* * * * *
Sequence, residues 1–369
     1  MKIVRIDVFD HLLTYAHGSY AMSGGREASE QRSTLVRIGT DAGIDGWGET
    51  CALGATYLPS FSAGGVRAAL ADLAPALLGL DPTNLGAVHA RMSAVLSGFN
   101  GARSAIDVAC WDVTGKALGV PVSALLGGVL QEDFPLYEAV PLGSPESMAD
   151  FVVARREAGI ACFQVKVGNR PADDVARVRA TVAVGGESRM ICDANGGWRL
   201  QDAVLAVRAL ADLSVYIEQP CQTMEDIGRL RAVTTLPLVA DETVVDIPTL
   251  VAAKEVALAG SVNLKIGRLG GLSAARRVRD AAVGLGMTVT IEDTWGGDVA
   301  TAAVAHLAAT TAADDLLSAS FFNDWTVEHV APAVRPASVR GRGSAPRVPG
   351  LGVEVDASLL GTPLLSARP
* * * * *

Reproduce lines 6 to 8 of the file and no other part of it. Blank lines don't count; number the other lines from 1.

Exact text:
   201  QDAVLAVRAL ADLSVYIEQP CQTMEDIGRL RAVTTLPLVA DETVVDIPTL
   251  VAAKEVALAG SVNLKIGRLG GLSAARRVRD AAVGLGMTVT IEDTWGGDVA
   301  TAAVAHLAAT TAADDLLSAS FFNDWTVEHV APAVRPASVR GRGSAPRVPG